Outline
Comptes Rendus

Pharmacology, toxicology / Pharmacologie, toxicologie
Influence of biological, environmental and technical factors on phenolic content and antioxidant activities of Tunisian halophytes
Comptes Rendus. Biologies, Volume 331 (2008) no. 11, pp. 865-873.

Abstracts

Halophyte ability to withstand salt-triggered oxidative stress is governed by multiple biochemical mechanisms that facilitate retention and/or acquisition of water, protect chloroplast functioning, and maintain ion homeostasis. Most essential traits include the synthesis of osmolytes, specific proteins, and antioxidant molecules. This might explain the utilization of some halophytes as traditional medicinal and dietary plants. The present study aimed at assessing the phenolic content and antioxidant activities of some Tunisian halophytes (Cakile maritima, Limoniastrum monopetalum, Mesembryanthemum crystallinum, M. edule, Salsola kali, and Tamarix gallica), depending on biological (species, organ and developmental stage), environmental, and technical (extraction solvent) factors. The total polyphenol contents and antioxidant activities (DPPH and superoxide radicals scavenging activities, and iron chelating and reducing powers) were strongly affected by the above-cited factors. Such variability might be of great importance in terms of valorising these halophytes as a source of naturally secondary metabolites, and the methods for phenolic and antioxidant production.

La capacité des halophytes à surmonter le stress oxydatif déclenché par la salinité est régi par de multiples mécanismes biochimiques qui facilitent le maintien et/ou l'acquisition de l'eau, la protection des chloroplastes et le maintien de l'homéostasie ionique. Ces traits comprennent essentiellement la biosynthèse d'osmolytes, de protéines spécifiques et de molécules antioxydantes. D'où, l'utilisation traditionnelle de ces halophytes comme plantes à intérêts médicinales et alimentaires. On se propose, dans ce travail d'évaluer les teneurs en polyphénols et les activités antioxydantes de quelques halophytes tunisiennes (Cakile maritima, Limoniastrum monopetalum, Mesembryanthemum crystallinum, M. edule, Salsola kali et Tamarix gallica) en fonction des facteurs biologiques, environnementaux et techniques. L'analyse des résultats a montré que les teneurs en polyphénols, les activités antiradicalaires et les pouvoirs chélateur et réducteur sont significativement affectés par ces différents facteurs. Une telle variabilité pourrait être d'une grande importance dans la valorisation de ces halophytes comme source naturelle de biosynthèse d'antioxydants.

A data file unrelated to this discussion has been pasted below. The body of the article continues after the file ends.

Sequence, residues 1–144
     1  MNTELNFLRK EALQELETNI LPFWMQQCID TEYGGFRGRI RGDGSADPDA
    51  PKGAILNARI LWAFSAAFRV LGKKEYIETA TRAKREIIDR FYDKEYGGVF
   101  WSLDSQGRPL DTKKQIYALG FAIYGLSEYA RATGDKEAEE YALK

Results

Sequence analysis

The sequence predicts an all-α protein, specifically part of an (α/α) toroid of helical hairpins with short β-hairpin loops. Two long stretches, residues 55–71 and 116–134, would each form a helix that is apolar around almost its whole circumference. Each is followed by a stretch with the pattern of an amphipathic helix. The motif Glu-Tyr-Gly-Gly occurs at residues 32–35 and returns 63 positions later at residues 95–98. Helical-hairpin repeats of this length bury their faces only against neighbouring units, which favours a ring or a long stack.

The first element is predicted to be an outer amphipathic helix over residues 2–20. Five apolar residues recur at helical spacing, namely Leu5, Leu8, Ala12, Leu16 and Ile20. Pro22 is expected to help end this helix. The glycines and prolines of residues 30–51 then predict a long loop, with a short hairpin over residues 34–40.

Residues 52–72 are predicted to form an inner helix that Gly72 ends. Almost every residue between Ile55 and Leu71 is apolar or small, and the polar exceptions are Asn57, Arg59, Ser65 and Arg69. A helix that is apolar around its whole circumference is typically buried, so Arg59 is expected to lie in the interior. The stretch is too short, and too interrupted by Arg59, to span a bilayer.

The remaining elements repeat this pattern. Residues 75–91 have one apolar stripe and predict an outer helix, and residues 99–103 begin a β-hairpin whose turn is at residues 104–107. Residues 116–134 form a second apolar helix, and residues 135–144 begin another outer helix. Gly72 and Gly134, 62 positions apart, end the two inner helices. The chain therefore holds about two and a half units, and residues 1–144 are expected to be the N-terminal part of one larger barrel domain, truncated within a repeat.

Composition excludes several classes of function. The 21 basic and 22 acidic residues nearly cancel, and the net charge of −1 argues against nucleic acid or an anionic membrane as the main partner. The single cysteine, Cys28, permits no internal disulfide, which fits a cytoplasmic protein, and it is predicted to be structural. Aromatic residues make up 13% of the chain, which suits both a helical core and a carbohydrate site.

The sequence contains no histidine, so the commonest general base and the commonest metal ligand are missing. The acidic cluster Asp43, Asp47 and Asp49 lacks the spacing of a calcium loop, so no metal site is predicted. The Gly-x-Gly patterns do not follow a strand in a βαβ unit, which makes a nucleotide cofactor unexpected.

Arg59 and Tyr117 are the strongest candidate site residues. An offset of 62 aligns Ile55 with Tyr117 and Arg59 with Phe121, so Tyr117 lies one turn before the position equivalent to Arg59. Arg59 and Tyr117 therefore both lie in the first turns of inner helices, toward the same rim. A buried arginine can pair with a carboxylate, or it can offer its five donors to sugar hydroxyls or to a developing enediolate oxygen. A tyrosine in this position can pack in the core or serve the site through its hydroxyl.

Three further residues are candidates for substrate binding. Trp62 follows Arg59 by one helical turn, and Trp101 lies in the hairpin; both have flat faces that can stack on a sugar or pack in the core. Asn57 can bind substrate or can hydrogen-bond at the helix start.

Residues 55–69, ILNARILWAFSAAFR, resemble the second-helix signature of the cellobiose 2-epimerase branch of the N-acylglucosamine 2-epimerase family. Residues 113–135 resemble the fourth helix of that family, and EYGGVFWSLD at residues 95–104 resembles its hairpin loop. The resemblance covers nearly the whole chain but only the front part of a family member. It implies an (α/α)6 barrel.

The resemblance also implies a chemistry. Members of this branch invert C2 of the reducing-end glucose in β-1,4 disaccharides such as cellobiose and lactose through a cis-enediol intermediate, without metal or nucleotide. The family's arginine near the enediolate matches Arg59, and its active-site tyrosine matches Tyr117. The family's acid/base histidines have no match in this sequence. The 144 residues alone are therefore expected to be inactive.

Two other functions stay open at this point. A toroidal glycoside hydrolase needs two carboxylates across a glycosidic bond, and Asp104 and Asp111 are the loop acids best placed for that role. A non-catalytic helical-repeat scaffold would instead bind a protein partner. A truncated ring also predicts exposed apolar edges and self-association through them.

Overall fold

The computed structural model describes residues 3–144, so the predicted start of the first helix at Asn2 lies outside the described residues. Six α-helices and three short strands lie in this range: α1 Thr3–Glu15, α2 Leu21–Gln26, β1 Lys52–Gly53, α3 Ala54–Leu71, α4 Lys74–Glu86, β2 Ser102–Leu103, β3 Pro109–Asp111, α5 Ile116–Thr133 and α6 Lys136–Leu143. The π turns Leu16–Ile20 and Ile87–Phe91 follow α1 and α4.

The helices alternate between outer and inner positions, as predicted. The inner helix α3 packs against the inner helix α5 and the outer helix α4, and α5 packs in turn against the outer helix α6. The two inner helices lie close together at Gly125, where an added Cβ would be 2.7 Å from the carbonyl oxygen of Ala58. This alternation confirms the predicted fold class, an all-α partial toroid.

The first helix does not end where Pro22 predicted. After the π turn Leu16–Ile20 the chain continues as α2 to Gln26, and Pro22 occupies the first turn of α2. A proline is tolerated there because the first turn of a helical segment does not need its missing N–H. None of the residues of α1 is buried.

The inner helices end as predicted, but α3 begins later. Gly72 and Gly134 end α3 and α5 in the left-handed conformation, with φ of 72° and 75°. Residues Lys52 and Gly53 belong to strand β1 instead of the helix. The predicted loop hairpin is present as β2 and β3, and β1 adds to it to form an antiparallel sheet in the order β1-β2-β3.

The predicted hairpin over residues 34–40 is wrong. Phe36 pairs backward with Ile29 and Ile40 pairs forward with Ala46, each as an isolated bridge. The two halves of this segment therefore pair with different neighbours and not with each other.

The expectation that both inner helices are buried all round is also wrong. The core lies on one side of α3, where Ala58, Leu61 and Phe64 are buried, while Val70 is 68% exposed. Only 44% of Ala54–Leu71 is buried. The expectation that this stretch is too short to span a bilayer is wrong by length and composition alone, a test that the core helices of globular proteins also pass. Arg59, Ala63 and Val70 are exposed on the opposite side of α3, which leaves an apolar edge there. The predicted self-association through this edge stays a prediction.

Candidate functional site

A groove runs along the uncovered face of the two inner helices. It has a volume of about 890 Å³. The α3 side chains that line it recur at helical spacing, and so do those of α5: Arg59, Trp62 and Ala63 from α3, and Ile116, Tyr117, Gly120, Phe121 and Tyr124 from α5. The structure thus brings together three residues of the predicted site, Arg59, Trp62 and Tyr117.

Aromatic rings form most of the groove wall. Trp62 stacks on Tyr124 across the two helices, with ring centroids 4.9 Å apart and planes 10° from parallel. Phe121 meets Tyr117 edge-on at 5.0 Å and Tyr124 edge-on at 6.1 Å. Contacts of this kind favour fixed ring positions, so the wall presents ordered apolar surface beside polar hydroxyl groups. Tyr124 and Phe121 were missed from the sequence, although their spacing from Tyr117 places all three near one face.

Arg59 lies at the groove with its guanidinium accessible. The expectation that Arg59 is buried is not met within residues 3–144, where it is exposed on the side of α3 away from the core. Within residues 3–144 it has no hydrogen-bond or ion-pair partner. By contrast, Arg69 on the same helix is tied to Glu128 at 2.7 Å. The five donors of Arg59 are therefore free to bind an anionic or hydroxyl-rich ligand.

Metadata
Received:
Accepted:
Published online:
DOI: 10.1016/j.crvi.2008.07.024
Keywords: Antioxidant activities, Biological factors, Growing environment, Halophytes, Phenolics, Solvent nature
Mot clés : Activités antioxydantes, Facteurs biologiques, Environnement, Halophytes, Polyphénols, Solvant

Riadh Ksouri 1; Wided Megdiche 1; Hanen Falleh 1; Nejla Trabelsi 1; Mondher Boulaaba 1; Abderrazak Smaoui 1; Chedly Abdelly 1

1 Laboratoire d'adaptation des plantes aux stress abiotiques, centre de biotechnologie à la technopole de Borj-Cédria (CBBC), BP 901, 2050 Hammam-lif, Tunisia
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     author = {Riadh Ksouri and Wided Megdiche and Hanen Falleh and Nejla Trabelsi and Mondher Boulaaba and Abderrazak Smaoui and Chedly Abdelly},
     title = {Influence of biological, environmental and technical factors on phenolic content and antioxidant activities of {Tunisian} halophytes},
     journal = {Comptes Rendus. Biologies},
     pages = {865--873},
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Riadh Ksouri; Wided Megdiche; Hanen Falleh; Nejla Trabelsi; Mondher Boulaaba; Abderrazak Smaoui; Chedly Abdelly. Influence of biological, environmental and technical factors on phenolic content and antioxidant activities of Tunisian halophytes. Comptes Rendus. Biologies, Volume 331 (2008) no. 11, pp. 865-873. doi : 10.1016/j.crvi.2008.07.024. https://comptes-rendus.academie-sciences.fr/biologies/articles/10.1016/j.crvi.2008.07.024/

Version originale du texte intégral

1 Introduction